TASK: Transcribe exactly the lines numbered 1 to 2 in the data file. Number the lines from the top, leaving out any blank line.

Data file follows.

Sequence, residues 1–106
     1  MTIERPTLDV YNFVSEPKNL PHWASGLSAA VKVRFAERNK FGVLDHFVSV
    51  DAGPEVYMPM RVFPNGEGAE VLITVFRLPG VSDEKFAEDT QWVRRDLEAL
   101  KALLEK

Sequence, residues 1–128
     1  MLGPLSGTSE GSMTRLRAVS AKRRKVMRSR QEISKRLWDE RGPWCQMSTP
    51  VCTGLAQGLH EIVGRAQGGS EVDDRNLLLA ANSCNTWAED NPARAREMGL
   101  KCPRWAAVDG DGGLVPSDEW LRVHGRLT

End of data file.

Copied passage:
Sequence, residues 1–106
     1  MTIERPTLDV YNFVSEPKNL PHWASGLSAA VKVRFAERNK FGVLDHFVSV